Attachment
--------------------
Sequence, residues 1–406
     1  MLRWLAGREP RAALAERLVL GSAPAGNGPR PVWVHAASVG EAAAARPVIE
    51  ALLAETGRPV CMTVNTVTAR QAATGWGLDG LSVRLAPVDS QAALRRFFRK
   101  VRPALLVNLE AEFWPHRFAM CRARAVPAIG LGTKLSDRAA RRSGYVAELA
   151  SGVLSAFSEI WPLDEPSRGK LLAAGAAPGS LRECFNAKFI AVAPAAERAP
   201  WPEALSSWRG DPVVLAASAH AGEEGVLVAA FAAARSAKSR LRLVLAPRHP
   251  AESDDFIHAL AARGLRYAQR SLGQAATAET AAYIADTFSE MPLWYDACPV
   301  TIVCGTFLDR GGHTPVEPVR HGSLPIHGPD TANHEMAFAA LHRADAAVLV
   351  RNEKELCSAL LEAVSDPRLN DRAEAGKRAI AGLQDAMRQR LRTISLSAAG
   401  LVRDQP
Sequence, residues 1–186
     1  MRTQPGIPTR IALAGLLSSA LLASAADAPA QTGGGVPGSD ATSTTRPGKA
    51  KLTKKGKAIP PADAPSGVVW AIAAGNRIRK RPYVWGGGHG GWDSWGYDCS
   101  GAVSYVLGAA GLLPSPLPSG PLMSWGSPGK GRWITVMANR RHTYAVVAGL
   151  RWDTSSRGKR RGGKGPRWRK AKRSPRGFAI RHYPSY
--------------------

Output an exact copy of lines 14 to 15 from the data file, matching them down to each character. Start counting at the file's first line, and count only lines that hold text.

   101  GAVSYVLGAA GLLPSPLPSG PLMSWGSPGK GRWITVMANR RHTYAVVAGL
   151  RWDTSSRGKR RGGKGPRWRK AKRSPRGFAI RHYPSY